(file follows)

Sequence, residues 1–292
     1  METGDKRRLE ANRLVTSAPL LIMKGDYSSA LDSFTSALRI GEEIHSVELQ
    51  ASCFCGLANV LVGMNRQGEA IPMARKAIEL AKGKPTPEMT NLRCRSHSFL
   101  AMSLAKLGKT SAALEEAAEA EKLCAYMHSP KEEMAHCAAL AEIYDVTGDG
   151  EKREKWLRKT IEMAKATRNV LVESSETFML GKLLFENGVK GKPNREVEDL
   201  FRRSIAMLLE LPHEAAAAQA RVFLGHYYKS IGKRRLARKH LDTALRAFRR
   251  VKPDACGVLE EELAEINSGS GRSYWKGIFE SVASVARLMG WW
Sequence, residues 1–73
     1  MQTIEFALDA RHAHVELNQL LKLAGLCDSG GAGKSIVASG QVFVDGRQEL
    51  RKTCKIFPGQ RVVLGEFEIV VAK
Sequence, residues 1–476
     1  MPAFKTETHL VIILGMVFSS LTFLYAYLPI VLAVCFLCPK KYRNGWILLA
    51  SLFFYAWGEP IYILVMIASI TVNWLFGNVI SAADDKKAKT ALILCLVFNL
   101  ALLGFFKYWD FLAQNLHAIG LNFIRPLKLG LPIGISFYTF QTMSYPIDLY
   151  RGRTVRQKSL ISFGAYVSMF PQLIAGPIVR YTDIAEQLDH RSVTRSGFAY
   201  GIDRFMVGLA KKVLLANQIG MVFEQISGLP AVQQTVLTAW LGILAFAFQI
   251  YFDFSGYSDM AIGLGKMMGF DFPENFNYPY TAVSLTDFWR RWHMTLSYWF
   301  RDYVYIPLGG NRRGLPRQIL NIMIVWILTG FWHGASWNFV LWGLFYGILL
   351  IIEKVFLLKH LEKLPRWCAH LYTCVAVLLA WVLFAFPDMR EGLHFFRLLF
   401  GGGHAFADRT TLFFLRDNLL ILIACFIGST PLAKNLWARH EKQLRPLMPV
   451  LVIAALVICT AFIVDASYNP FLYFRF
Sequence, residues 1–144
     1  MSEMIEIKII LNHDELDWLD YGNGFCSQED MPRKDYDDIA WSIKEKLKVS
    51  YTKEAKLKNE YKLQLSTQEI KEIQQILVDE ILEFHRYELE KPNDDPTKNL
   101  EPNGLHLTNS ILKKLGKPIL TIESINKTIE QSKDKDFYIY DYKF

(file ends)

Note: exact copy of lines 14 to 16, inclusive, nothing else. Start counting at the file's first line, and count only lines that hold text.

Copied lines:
   101  ALLGFFKYWD FLAQNLHAIG LNFIRPLKLG LPIGISFYTF QTMSYPIDLY
   151  RGRTVRQKSL ISFGAYVSMF PQLIAGPIVR YTDIAEQLDH RSVTRSGFAY
   201  GIDRFMVGLA KKVLLANQIG MVFEQISGLP AVQQTVLTAW LGILAFAFQI